July 1, 2022
CSRD Update: Provisional Deal Struck for EU ESG Disclosure Rules
5 Min Read
On June 21, the European Parliament and Council reached a provisional agreement on the Corporate Sustainability Reporting Directive (CSRD). First proposed by the European Commission on April 21, 2021, the CSRD seeks to strengthen and standardize corporate EU ESG disclosures for better transparency, consistency, and comparability. It amends reporting requirements under the existing Non-Financial Reporting Directive (NFRD), to improve corporate accountability around sustainability reporting.
“[This] means readability and simplicity in the information provided by companies, which must play their full part in society. Greenwashing is over. With this text, Europe is at the forefront of…setting high standards in line with our environmental and social ambitions.” – Bruno le Maire, French Finance Minister
Download the infographic for a side-by-side comparison of the NFRD vs the CSRD.
What’s the CSRD?
CSRD stands for Corporate Sustainability Reporting Directive and is a proposed ESG rule to make sustainability disclosures by European companies more comprehensive and comparable to one another, similar to financial accounting and reporting. It is part of the European Union (EU) Action Plan on Financing Sustainable Growth (2018) and EU Green Deal (2019). These larger initiatives are focused on creating a common taxonomy and more consistent flow of standardized information from companies to investors and other stakeholders. Today, it can be difficult to compare and benchmark sustainability reports as the information disclosed varies widely across a multitude of reporting standards and frameworks. The CSRD aims to address this challenge by establishing standard ESG reporting requirements that meet the needs of all stakeholders.
What’s the difference between NFRD and CSRD? How will it affect my organization?
Under the NFRD, the current EU ESG directive for non-financial reporting, certain large companies are required to disclose information about environmental and social impacts across their operations and supply chain. The CSRD expands and replaces the NFRD, and it introduces more stringent reporting requirements for ESG factors, as well as third-party assurance. Key differences between NFRD and CSRD include:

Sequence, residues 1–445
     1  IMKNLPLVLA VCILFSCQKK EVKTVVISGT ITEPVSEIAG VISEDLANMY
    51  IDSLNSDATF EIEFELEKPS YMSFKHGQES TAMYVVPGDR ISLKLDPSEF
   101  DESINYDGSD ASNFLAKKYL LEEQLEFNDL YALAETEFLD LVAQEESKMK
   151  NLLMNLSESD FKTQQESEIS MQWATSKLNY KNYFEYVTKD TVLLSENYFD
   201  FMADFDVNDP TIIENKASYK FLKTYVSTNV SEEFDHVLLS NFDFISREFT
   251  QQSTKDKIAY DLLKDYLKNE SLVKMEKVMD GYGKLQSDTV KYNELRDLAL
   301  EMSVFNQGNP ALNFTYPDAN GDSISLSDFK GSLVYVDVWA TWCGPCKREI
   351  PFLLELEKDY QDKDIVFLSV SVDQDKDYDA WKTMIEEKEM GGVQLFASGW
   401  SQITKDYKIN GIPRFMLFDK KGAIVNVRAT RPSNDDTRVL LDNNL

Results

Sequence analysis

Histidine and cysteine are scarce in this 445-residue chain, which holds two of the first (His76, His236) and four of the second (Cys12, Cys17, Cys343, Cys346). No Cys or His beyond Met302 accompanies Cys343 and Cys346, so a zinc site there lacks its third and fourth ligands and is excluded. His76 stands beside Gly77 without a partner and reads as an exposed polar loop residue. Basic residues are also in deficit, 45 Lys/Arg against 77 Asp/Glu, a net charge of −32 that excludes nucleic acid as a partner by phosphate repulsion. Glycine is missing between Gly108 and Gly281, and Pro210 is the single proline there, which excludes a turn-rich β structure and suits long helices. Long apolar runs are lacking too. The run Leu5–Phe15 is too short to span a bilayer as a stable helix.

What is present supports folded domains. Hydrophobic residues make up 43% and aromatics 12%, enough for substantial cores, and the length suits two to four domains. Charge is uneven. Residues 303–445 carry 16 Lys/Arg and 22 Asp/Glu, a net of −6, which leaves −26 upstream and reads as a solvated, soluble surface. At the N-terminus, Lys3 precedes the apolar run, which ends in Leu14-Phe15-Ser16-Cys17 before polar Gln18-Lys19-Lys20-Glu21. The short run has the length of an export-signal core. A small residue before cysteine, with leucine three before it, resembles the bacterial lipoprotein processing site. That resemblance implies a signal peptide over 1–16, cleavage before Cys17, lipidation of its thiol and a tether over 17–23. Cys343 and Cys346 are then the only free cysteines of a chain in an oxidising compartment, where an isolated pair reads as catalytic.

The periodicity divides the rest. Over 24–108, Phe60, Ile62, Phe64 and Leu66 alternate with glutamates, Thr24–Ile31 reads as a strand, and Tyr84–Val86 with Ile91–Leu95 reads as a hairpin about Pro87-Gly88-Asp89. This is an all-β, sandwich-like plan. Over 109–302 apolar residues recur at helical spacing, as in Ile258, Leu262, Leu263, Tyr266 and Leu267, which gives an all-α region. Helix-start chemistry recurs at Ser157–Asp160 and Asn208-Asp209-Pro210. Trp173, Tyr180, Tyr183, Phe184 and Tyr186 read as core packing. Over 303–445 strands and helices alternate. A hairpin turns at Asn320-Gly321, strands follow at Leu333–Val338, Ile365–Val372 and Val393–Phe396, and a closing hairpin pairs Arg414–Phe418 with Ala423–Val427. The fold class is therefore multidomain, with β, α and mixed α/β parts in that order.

- 4x more companies are affected: The NFRD applied to all listed companies with more than 500 employees (approximately 11,700 companies). The CSRD widens this threshold to include all companies, listed or not, that meet at least two out of these three criteria (approximately 50,000 companies):
- More than 250 employees
- Net turnover that exceeds EUR 40 million
- Assets that exceed EUR 20 million
- Additional reporting requirements: The CSRD adds several new requirements including:
- Applying double materiality to identify ESG risks and opportunities on the business (outside-in) and how the business impacts people and planet (inside-out)
- Integrating ESG disclosures into financial and management reporting
- Providing more detailed information aligned with the EU Taxonomy and European Sustainability Reporting Standards (ESRS). This includes retrospective and forward-looking information on targets and progress, due diligence processes policies and processes across the value chain, risk management and controls, etc.